In the wake of the 9/11 attacks on the World Trade Center and Pentagon in America, US and coalition forces invaded Afghanistan, where it believed the Taliban government was sheltering members of the terrorist group Al-Qaida.

The hardline Islamic government’s infrastructure was obliterated in a matter of days. Troops from 46 separate countries were sent in to form an occupying force and help establish a democracy in the troubled central-Asian nation.

Since the start of the occupation, Allied forces have met with resistance from various insurgent groups seeking to reinstall a hardline Islamist government.

In 2005, having gone against the wishes of his father and enlisted in the Royal Anglican Regiment, Kenny Meighan, 27, was sent to Afghanistan, where he eventually became the British army’s longest-serving point man. 

My dad tried to discourage me from joining up as a soldier. He knew what war was really like. But I loved the army, the camaraderie, going out on the piss with the lads. The laughs were unforgettable.

I always loved football as a boy and played all the time. But if you had offered 16-year-old me a contract to join Manchester United, I would have turned you down to become a soldier – it was all I wanted to do. The night before I was shipped out, I couldn’t sleep with excitement.

I tell you what, watching people kill other people is the most terrifying thing you can see. A lot of people say being a point man is the most dangerous job in the army. You’re at the front, looking for the enemy. You’re the first to go into a room, you’re the first to clear a ditch and you’re the first to go in the rat holes.

Maybe it’s down to my dyslexia, but I’m very good at noticing things. I pick up on every detail. That’s why I made a good point man. 

We used to listen in on the Taliban’s radios with an interpreter. One day we heard their general ask his commander, “Why aren’t you holding the British at bay?” The commander said, “They just keep coming, running at us with knives at the end of their rifles. They’ve got the eyes of the blue-eyed wolf.”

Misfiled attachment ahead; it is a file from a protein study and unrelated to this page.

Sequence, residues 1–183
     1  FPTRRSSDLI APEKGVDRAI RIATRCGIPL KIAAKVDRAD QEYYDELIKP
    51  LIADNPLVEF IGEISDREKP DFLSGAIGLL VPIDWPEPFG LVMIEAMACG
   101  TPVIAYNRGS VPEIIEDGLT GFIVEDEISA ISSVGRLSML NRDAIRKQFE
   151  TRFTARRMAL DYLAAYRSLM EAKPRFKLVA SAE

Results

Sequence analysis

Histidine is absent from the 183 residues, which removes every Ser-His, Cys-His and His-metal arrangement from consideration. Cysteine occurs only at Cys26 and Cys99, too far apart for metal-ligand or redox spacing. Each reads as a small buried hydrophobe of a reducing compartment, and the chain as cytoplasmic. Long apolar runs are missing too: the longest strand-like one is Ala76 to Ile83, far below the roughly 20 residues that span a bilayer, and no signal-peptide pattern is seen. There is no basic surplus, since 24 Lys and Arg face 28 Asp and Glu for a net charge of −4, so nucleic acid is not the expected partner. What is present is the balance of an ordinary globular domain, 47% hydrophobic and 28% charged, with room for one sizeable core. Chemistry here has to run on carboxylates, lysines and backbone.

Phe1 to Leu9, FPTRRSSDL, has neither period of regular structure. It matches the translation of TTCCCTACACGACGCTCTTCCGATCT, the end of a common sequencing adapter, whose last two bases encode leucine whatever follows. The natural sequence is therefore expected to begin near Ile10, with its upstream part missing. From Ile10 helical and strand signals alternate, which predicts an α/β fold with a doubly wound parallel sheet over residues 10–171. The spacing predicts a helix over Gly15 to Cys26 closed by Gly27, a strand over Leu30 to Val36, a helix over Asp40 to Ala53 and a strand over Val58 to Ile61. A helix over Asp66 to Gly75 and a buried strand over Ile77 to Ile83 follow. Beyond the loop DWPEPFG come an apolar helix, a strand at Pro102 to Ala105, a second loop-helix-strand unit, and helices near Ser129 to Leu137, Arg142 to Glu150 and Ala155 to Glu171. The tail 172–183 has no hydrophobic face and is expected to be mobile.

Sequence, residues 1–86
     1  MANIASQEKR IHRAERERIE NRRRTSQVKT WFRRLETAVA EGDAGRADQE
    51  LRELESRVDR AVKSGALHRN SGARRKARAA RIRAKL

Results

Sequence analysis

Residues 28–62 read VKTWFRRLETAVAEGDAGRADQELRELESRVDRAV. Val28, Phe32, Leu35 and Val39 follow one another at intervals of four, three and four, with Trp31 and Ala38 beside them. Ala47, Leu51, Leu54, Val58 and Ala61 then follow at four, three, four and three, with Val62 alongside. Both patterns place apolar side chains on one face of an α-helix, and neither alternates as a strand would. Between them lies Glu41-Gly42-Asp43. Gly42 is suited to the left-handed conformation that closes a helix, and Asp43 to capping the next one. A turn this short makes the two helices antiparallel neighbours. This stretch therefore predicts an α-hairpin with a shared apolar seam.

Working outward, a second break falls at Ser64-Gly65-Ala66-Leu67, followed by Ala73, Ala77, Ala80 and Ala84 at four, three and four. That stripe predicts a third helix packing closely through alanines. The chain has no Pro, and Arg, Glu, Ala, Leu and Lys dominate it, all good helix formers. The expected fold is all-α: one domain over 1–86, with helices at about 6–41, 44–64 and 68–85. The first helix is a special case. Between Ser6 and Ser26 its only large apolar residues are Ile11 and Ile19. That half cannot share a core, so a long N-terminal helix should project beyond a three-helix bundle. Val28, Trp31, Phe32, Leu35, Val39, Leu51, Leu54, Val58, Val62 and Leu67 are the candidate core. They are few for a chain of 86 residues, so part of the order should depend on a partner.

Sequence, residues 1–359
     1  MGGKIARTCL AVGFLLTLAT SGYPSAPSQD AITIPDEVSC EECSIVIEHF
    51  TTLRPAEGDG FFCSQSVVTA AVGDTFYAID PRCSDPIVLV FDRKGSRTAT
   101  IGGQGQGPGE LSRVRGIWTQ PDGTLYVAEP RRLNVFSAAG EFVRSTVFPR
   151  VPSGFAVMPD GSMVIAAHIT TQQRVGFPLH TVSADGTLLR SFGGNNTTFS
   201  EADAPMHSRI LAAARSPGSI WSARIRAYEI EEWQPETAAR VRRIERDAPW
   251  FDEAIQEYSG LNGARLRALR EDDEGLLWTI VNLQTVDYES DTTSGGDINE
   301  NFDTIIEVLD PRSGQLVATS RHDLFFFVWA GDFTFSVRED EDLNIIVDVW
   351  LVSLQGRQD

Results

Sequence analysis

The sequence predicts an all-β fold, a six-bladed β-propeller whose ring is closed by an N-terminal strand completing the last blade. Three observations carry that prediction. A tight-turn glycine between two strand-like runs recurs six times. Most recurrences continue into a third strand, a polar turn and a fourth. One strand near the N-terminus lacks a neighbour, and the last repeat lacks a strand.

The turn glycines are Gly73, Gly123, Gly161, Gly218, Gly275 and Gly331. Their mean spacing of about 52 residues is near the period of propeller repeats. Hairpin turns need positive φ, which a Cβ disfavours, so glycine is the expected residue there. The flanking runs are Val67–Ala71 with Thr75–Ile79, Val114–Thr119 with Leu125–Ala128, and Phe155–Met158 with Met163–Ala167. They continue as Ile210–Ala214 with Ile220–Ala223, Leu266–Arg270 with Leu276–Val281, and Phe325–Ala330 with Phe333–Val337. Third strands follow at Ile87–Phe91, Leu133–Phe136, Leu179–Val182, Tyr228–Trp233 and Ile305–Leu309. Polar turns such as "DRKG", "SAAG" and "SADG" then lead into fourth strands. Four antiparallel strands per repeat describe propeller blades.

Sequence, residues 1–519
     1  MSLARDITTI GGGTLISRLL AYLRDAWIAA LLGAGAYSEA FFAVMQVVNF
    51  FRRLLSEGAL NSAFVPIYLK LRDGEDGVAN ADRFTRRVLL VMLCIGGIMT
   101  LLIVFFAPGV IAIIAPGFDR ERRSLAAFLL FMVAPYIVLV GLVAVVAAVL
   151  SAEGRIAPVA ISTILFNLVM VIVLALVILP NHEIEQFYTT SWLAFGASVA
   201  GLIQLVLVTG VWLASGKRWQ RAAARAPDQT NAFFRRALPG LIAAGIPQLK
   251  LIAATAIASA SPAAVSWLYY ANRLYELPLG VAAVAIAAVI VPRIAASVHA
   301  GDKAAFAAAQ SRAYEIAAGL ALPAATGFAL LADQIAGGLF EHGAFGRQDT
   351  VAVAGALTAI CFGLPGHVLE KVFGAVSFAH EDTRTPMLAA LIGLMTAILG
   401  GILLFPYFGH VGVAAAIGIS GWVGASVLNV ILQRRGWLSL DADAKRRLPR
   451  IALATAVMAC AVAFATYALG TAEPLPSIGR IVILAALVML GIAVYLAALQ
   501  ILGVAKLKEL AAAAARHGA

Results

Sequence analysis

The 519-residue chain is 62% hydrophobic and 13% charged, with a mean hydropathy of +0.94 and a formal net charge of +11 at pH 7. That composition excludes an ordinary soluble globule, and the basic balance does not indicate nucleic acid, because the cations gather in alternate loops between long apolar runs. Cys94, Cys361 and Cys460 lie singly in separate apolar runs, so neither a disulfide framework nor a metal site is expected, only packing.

When you’re fighting hand-to-hand, you can see the enemy. You can smell them, you can fucking taste them in the air. 

The scariest moment for me was putting a geezer in a body bag while the Taliban shot at us. He’d triggered an IED (improvised explosive device) and when we arrived his sergeant was next to the Land Rover with his bayonet out scraping flesh off the sides of the vehicle. Looking into his eyes, I’ve never ever seen a man so broken – like his soul had gone.

That’s a great advert for what we stand for – we won’t leave a man behind, dead or alive. As soon as we went to pick him up, we came under attack. Bullets flying, RPGs [rocket-propelled grenades] whizzing past, exploding. I popped off a couple of shots and got down to the dead lad. I had to grab bits of his body and get them in the bag. I picked up the biggest part. God, it’s fucked up. I was just picking up bits of the blown-up willy and thinking, “Oh my God, this is fucking horrendous.”

I think I understand war pretty well now. I know that wars have to happen because men are greedy. 

Us going to Helmand had nothing to do with building schools as the Government will have you believe. It was to send in very fit young men capable of walking vast distances with heavy weights on their backs and still fighting to a high standard. My regiment marched 56km in four days, having firefights every few hours, attacking Taliban camps and sleeping in their flea-infested beds.

I refuse to glamorise death. I will never forget the first man I killed and I fucking hate myself for it. My section was pinned down in a ditch, under fire. Bullets were flying, thudding into the ground, throwing dust up everywhere. My lieutenant and I went ahead, stormed a building and took up position to cover a bridge where B Company were holding tight. I looked to my left and had to do a double-take. There they were. A group of Taliban fighters walking in a line towards the bridge. They were armed to the teeth. I looked at the leader in my sight, confirmed they’d got weapons and pulled the trigger three times. He just dropped.

Of course I feel bad. But what could I do? Not kill him and let him kill us? War is horrible and I had to take every day as it came. I’ve got a family and kids now. Maybe he had a family at home too.

I now know what human beings are capable of. Nothing on this earth is worse than human beings. It was human greed that started that war. Ours and theirs.

When I came back I did have a chip on my shoulder. I’d been point man in the most dangerous place in the world and the Government – not the army – did nothing to help us. All I could do was drive a vehicle. I thought, “Why are all these plumbers and electricians getting paid £200 a day and I’m struggling to make £60 a day?” I felt devalued and very angry.

Soon after we came back, I went into a Yates’s in Colchester with one of my army mates. We were still in our uniforms, and they turned us away just because we were British soldiers. We don’t want parades – we just want to be appreciated for what we’ve done.

In my head, I’m still there. I’m there every fucking day. War is hell. It’s not in any way glamorous.

Kenny Meighan now runs Viking Trowel Plastering Specialists with his friend and former army colleague Christopher George in Harwich, Essex.